There is also a feeling of security you get with the Volt that you don’t get with most other hybrids. You feel the bulk of the vehicle in spite of the fact that the steering feels direct and easy. This is a major benefit in a car market where parents often want to encapsulate their kids away from the risks and dangers of the open road. GM should be given kudos for addressing one of the main reasons why families still avoid hybrids in this era of $4 gas.

The Build: One other aspect related to the ride that deserves kudos is the overall architecture, which may likely become a gold standard for the next generation of GM products. Over 70% of the Volt’s structure is made out of high strength steels, with the majority composed of ultra-high strength steel. As someone who has seen hundreds of salvage vehicles at the auctions with the words ‘biohazard’ scrawled on their windshields due to the prior occupant’s blood loss and in some cases, death, I believe this structural improvement alone is nearly as important to GM’s future as the dual mode hyrbid design of the Volt.

This commendable level of engineering translates into a directness and stability on the road that is better than most other hyrbid designs. The Chevy Volt feels like one strong, firm, supremely welded piece of steel. It’s also notably heavy at 3780 pounds. But unlike the thin panels and overall perceptual flimsiness of other hybrids, the Volt has a feeling of ruggedness that could become more appealing to mainstream buyers in the United States.

The mainstream consumer wants safety AND fuel economy; which the Volt definitely brings to the marketplace. Albeit at the price of a Cadillac before tax incentives are concerned.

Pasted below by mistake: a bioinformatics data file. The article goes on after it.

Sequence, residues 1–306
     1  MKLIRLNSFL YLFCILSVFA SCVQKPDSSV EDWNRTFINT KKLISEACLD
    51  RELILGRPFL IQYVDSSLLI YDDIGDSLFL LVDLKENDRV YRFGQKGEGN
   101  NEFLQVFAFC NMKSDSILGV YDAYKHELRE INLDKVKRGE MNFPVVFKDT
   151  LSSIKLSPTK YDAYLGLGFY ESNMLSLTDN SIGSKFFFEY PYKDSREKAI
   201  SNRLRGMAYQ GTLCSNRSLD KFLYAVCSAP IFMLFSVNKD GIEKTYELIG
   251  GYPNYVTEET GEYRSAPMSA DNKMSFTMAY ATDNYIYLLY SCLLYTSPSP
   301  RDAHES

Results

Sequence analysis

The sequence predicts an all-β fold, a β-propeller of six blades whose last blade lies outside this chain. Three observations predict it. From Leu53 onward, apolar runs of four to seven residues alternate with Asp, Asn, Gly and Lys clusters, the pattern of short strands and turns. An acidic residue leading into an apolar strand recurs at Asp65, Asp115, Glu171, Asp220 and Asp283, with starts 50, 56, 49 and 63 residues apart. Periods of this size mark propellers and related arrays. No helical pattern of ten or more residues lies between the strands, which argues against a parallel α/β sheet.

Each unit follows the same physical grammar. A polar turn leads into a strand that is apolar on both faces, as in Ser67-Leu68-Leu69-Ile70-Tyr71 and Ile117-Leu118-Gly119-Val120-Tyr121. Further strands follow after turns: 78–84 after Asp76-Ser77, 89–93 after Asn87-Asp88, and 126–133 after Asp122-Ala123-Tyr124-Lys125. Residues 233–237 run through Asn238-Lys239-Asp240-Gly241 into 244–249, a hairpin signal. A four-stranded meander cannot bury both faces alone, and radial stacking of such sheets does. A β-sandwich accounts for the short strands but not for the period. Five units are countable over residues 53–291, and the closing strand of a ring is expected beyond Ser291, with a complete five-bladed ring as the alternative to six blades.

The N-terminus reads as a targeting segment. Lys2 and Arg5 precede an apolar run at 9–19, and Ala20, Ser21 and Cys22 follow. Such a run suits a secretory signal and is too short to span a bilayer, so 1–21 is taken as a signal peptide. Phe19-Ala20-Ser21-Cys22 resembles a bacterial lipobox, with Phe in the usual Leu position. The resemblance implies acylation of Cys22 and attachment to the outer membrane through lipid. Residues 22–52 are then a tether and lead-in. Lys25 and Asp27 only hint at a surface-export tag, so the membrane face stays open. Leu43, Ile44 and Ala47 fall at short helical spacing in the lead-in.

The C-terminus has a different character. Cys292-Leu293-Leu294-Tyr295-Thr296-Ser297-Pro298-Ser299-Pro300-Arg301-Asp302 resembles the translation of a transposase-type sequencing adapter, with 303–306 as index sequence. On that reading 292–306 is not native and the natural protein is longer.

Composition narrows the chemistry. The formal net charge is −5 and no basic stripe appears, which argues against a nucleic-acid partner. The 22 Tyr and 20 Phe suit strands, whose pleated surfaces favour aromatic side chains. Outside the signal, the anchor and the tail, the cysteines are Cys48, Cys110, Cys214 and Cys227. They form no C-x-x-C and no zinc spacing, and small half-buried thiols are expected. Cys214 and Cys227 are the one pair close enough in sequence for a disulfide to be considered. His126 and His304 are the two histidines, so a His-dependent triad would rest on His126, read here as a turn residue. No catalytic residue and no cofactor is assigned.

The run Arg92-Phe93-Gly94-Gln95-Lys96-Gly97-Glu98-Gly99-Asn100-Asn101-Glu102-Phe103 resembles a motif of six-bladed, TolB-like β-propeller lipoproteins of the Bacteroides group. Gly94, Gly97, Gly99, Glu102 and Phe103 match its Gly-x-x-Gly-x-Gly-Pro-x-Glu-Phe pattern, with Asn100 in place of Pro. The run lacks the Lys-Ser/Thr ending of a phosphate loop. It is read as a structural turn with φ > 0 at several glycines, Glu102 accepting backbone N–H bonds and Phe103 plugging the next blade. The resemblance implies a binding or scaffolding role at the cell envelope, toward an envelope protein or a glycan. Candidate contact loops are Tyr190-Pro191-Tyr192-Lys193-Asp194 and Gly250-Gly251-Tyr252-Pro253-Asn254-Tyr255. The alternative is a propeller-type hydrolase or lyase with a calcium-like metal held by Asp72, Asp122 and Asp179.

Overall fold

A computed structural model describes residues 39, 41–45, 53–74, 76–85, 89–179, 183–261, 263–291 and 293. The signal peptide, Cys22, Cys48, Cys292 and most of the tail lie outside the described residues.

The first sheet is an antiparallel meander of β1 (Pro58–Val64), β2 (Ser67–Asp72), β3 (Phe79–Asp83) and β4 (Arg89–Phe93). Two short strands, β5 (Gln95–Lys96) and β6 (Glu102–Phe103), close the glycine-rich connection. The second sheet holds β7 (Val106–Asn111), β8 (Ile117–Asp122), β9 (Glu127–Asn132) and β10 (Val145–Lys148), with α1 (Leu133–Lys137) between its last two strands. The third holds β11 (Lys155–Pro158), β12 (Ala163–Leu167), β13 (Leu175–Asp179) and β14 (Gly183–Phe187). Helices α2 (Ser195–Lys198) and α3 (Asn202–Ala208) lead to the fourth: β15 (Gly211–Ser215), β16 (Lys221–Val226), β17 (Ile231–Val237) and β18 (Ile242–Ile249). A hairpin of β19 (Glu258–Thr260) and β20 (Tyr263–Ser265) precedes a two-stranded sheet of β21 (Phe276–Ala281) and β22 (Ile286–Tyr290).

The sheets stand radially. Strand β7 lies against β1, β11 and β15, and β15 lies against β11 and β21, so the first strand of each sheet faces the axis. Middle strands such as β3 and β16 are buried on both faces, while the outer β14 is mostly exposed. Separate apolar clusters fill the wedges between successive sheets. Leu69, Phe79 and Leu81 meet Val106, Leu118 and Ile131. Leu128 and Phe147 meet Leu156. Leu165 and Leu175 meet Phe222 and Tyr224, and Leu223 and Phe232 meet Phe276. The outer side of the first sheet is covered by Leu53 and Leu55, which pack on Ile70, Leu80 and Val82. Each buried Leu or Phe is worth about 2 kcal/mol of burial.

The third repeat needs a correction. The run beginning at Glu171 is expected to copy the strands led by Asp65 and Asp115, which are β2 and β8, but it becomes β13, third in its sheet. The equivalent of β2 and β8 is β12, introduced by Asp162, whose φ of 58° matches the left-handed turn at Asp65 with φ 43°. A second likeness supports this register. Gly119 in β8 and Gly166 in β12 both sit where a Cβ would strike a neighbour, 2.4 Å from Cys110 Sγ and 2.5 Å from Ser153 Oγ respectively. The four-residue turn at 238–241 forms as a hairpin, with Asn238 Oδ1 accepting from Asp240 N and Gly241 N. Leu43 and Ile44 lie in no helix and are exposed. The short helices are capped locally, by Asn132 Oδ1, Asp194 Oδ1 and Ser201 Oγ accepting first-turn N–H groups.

The Price: If you are among the 13 states that provide a state and federal tax credit of $12,750, you have a choice to make. One one side of the marketplace is the aforementioned Lexus CT200h. A fourth generation hybrid that represents Toyota’s killer app in today’s marketplace. With a light foot and occasional glances over the course of a week, the CT200h provided me with over 51 miles per gallon and the first dose of adrenal excitement I’ve ever realized from a hybrid.

A loaded CT200h comes at right around $36,000 which is within $1000 of the Volt if you buy within the 13 states that offer generous state tax credits. Don’t buy from those states? Well, then the price /value ratio starts to deteriorate for the Volt. This is not surprising given that Toyota’s hybrid technology has been developed for over 15 years while the Volt is a first generation effort.


A consumer considering the Chevy Volt should be willing to ask themselves a few hard questions.

1) Am I willing to buy a vehicle whose technology is only in it’s early stages of development?

2) Do I want to change my driving style and see how my choice yields savings and MPG’s over time? Or do I just simply want to ‘go’ without a care about these things?

3) Am I willing to pay nearly double the price of a Chevy Cruze Eco for what amounts to a similar sized package that offers comparable highway fuel economy once the battery is depleted?

4) Is most of my driving done within a 30 to 45 mile range?

5) What about cost? Do I really care about a hybrid’s breakeven point versus an internal combustion engine? Or am I willing to pay more money for a vehicle that uses battery propulsion for most of it’s driving, and offers the added range of a gas engine.